Consumers can consider many factors when evaluating an airline, but getting you where you’re going on time, not losing your checked bag, and giving you no reason to lodge a formal complaint seem like decent baselines.
Fortunately, the government requires the nation’s largest dozen commercial airlines to report statistics on just those things.
The Air Travel Consumer Report, released by the Department of Transportation, measures not only performance of major U.S. airlines such as American Airlines, Delta Air Lines and United Airlines, but also regional carriers such as ExpressJet and SkyWest, which are contracted to fly short routes to and from hubs of those big airlines. Here’s how airlines measured up in 2017, according to the report.
Four out of every five domestic flights in 2017 arrived on time, according to the report, though some carriers were far more punctual than others. A flight is counted as on time if it arrived within 15 minutes of its scheduled arrival time.
When delays do happen, sometimes they’re due to factors an airline can’t control, such as bad weather or air traffic control issues. But frequently delays result from inefficient airline operations, such as a late-arriving crew or airplane maintenance issues.
Hawaiian Airlines perennially does well in this regard; in 2017 it led U.S. airlines with an 88.2% on-time rate, better than the average of 80.2%. The nation’s large network airlines ranked in the top half of all carriers, with Delta at No. 2, United at No. 4 and American at No. 5. Southwest Airlines, which isn’t a big “legacy” airline but actually flies more passengers than any other, ranked in the lower half, at No. 7.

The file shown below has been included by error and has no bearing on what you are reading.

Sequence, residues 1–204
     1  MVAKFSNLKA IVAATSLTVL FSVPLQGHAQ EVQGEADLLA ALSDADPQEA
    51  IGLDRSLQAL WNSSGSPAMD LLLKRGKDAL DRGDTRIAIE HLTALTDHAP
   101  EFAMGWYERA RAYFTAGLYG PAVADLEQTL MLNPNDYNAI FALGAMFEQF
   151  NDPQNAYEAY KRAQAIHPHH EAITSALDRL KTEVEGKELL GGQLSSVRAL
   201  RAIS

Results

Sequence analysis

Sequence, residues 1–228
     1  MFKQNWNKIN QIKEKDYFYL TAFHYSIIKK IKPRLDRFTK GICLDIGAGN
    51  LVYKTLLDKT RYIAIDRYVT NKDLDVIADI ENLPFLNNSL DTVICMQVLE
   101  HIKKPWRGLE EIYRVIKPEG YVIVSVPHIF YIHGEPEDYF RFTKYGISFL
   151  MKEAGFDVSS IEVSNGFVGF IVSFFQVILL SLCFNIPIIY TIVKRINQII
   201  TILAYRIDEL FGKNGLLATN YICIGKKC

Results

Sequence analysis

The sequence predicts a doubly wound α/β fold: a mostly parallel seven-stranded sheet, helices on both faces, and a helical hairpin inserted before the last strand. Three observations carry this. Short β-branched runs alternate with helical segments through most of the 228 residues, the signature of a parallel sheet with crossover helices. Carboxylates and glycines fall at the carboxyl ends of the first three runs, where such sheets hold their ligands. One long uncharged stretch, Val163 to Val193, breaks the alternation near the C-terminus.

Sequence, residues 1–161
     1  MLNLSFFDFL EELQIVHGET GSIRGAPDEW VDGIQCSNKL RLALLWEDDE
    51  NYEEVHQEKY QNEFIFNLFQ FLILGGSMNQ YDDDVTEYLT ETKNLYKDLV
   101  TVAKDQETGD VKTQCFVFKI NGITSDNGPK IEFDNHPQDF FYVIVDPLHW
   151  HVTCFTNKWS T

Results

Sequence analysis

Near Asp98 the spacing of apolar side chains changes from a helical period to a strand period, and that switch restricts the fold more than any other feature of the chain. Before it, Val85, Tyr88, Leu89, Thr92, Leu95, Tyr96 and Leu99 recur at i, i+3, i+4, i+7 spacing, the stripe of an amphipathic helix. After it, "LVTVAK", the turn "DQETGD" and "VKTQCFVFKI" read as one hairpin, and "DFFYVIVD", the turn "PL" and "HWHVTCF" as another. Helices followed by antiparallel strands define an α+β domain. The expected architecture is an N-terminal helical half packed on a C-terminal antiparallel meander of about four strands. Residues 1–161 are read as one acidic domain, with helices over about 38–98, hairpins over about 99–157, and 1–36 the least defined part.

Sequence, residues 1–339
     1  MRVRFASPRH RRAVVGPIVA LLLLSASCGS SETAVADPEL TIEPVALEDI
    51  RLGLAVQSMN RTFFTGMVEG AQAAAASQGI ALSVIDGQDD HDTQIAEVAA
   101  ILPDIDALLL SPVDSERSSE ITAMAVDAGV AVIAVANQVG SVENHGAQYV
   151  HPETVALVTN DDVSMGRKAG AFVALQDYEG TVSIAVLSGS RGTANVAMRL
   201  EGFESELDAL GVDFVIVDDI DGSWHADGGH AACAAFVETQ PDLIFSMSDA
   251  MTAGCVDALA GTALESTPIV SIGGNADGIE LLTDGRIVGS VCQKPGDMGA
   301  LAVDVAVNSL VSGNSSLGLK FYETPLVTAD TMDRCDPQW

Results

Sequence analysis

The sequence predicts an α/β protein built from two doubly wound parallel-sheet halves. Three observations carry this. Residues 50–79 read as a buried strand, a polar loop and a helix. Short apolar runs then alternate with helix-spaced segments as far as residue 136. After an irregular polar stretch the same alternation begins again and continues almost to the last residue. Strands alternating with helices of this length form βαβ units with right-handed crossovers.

Chronically tardier were Virgin America, which ranked last, and JetBlue Airways. Note: Alaska Airlines and Virgin America merged, but the report breaks out 2017 statistics for the airlines separately.
|Rank||Airline||2017 on-time rate|
The top causes of delays among airlines were:
- Late-arriving aircraft from a previous destination
- National aviation system delays
- Air carrier delays (factors the airline can control, such as airplane maintenance or crew problems)
Not everybody checks bags nowadays because it’s expensive — major airlines charge $25 each way unless you have elite status or the airline’s credit card, or unless you fly Southwest (the only major U.S. airline not to charge for a checked bag). Regardless of whether you pay extra for the airline to handle your luggage, you expect to get it back shortly after you land.
That doesn’t always happen, although, to be fair, it happens on average to just two to three passengers per 1,000, according to the DOT. Lost-baggage reports were most common among the regional carriers, with ExpressJet and SkyWest ranking worst. Spirit Airlines ranked best.
|Rank||Airline||Mishandled bag reports per 1,000 passengers|
If you’ve taken the time and effort to file an official complaint about an airline, that probably means something went terribly wrong. In 2017, consumers filed about 18,000 formal complaints about airlines with the DOT, a similar number to the year before. Still, complaints are not common, averaging just 1.35 complaints per 100,000 passengers.
The most complained-about carrier was Spirit Airlines, and it wasn’t close. Spirit’s complaint rate was more than double the next-worst airline, Frontier Airlines, also a deep-discount carrier. Spirit is known for cheap fares, but some of its policies, such as not allowing a free carry-on bag, can seem consumer unfriendly to those who aren’t used to that. Customers of Southwest, known for such customer-pleasing policies as free checked bags and no flight change fees, complained the least.
|Rank||Airline||Complaint per 100,000 enplanements|
The most common complaints overall in 2017, in order, were about:
- Flight problems: 6,076
- Baggage: 2,741
- Reservations/ticketing/boarding: 2,192
- Fares: 2,026
- Customer service: 1,776
- Refunds: 1,359
The Air Travel Consumer Report tracks many other statistics, too, such as flight cancellations and delays at an airport level, as well as data that may not affect many people, such as people who were denied boarding (bumped from the flight) and pets that died or were injured or lost during the flight.